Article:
Schwartz said he has offered to host fundraisers in Southampton, New York, and in New York City, but the campaign has yet to agree on a date.
Other donors though are not as optimistic. They stress that the current cash-on-hand situation puts pressure on them, along with the campaign, to have a successful fourth quarter.
“He needs a big fourth quarter to be properly positioned going into the actual caucuses and primaries,” a leading Biden financier explained. “Only thing our donor base can do is drive in more dollars. At this point the low hanging fruit has been harvested and we have to dig deeper,” this person added.
“It’s all going to count in the fourth quarter. If he doesn’t have strong numbers, he’s f—ing done,” said another fundraiser helping Biden behind the scenes.
Another fundraiser explained that Biden’s lack of cash going into the fourth quarter could put him at a “handicap” for the primary states. “We all thought he would be better than this,” this max contributor said.
Biden himself brushed off any questions about the $8.9 million not being enough to maintain and pick up the extra assets he needs in order to stay alive in the race for his party’s nomination.
“We got started later than anybody at all in this campaign,” Biden told reporters while in Columbus, Ohio. “We did not start off by dropping $10 million from a Senate campaign, wherever that money came from,” he added as a reference to Warren’s large transfer from her Senate coffers to her presidential organization.
A spokesperson for the Biden campaign did not return a request for comment.
Still, skeptical bundlers of Biden’s are pointing to data they say is a question mark: where are they going to acquire the big checks of $2,800 now that many in their networks have maxed out? The $2,800 sum is the most an individual can give directly to a campaign in each election cycle.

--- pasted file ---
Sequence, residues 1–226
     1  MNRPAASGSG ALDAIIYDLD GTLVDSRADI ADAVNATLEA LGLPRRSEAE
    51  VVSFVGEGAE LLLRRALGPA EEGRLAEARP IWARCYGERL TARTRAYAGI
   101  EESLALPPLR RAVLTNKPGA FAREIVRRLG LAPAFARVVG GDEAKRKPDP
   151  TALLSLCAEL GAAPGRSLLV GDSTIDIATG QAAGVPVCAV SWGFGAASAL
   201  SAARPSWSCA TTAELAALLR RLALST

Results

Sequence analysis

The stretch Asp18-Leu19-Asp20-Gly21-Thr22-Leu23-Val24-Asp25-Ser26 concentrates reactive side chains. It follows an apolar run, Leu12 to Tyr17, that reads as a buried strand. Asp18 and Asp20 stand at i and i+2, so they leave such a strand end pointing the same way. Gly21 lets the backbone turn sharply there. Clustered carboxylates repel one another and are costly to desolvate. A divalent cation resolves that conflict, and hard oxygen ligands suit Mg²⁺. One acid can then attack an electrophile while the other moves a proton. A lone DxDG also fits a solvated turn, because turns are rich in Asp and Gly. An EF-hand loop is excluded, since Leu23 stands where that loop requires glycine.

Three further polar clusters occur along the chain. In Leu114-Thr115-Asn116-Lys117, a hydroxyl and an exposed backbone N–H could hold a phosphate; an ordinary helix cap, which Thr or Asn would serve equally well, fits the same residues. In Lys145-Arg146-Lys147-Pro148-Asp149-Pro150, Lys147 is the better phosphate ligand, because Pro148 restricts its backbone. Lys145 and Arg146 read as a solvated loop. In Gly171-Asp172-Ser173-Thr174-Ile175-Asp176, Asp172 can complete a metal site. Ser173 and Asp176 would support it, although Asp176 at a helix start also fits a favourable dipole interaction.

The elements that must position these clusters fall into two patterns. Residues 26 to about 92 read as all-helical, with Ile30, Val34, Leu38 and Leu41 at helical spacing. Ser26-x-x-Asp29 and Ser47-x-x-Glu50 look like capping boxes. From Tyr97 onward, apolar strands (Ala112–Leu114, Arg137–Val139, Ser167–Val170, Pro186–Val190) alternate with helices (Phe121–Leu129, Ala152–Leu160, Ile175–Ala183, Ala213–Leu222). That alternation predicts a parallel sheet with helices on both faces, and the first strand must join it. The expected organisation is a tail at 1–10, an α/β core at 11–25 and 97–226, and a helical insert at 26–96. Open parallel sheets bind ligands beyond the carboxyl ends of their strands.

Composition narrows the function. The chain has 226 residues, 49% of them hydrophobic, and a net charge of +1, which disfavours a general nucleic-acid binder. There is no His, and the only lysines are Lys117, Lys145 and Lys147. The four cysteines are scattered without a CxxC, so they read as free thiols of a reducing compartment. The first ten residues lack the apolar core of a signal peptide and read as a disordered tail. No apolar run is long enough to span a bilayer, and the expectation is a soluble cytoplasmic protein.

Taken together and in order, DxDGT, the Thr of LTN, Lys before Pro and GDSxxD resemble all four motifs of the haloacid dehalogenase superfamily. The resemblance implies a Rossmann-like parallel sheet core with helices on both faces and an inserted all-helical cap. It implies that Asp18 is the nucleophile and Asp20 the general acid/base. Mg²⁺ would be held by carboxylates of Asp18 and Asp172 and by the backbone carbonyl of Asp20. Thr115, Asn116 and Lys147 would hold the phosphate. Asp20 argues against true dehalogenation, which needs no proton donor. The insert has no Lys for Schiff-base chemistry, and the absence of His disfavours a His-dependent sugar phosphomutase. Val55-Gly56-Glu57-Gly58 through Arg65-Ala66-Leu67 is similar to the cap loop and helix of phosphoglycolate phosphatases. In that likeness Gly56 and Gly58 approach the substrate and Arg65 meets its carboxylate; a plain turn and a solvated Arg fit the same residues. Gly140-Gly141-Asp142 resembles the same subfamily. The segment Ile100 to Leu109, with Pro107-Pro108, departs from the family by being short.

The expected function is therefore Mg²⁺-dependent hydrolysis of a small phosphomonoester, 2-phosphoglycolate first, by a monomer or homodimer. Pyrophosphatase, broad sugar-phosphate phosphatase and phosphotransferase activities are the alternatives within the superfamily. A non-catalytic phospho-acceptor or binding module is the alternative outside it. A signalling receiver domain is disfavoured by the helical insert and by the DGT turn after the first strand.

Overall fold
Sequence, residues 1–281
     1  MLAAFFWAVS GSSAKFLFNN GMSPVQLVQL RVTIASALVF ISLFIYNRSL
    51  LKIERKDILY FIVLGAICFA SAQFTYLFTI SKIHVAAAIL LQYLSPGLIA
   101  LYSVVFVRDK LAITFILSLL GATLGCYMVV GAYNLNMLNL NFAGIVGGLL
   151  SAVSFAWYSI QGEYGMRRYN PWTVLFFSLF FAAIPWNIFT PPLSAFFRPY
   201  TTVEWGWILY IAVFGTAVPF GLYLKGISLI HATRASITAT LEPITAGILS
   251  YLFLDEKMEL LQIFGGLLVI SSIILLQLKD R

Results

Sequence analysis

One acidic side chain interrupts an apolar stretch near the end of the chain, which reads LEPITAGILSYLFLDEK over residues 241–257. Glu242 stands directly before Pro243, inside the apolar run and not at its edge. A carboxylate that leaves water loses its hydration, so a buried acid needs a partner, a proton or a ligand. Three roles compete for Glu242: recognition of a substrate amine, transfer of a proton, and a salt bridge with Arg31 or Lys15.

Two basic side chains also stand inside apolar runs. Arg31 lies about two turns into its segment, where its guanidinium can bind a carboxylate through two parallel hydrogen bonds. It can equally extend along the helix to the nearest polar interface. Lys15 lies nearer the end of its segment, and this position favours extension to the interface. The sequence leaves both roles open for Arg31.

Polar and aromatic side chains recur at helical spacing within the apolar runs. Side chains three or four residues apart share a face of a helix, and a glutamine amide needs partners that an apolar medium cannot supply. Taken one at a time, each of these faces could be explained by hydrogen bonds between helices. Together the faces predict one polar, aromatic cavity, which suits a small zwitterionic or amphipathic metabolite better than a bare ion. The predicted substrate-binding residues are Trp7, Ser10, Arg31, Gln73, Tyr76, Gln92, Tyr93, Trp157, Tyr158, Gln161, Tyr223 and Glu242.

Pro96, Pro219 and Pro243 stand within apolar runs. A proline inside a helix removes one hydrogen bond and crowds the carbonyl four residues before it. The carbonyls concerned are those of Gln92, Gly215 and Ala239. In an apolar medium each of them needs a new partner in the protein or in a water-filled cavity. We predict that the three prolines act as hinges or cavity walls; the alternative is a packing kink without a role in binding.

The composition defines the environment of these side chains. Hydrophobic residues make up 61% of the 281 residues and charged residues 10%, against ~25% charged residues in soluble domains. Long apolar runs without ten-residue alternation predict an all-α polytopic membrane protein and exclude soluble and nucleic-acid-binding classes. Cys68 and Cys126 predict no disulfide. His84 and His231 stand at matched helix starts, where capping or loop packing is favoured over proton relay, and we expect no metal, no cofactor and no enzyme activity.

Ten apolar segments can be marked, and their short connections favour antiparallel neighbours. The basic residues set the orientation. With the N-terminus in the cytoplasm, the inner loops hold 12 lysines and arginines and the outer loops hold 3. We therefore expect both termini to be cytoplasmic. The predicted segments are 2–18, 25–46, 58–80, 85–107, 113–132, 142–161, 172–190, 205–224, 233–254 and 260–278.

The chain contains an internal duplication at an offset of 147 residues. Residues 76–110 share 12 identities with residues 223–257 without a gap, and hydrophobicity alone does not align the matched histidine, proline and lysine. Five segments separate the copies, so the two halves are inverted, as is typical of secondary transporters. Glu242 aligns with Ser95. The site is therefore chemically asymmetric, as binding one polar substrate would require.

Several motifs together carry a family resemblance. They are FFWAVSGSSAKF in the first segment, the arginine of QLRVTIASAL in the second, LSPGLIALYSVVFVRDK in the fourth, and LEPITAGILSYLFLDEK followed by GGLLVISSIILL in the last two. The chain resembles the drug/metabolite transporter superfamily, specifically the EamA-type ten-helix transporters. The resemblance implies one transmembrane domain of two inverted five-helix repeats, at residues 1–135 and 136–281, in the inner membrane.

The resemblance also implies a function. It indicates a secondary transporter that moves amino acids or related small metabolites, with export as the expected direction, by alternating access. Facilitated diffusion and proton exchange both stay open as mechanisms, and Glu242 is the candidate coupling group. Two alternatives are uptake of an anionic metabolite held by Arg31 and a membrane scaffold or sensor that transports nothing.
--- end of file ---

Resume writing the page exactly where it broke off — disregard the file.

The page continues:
Since he entered the race in April, Biden’s campaign has seen an influx of large individual contributions. Out of the $36 million it has raised, 64% was from large donations, according to the nonpartisan Center for Responsive Politics. Meanwhile, 35% of donors have given $200 or less. Compare that with Warren, who has caught up to Biden in the polls but also has at least 53% of her donors giving her less than $200. She finished the third quarter raising just more than $24 million and has $25.7 million on hand.
The primary debate on Tuesday could prove to be a key moment for Biden’s start to the fourth quarter. A few of his opponents have already announced their fundraising success since the contest in Ohio.
Buttigieg spokeswoman Lis Smith tweeted that her candidate raised over $1 million in the past 24 hours from contributors in all 50 state.
Sanders campaign announced early Wednesday that it brought in more than $620,000 from more than 40,000 contributions. Sen. Amy Klobuchar’s campaign said it had its best hour of fundraising following the debate.
Biden’s campaign has yet to say how much it has raised since the debate.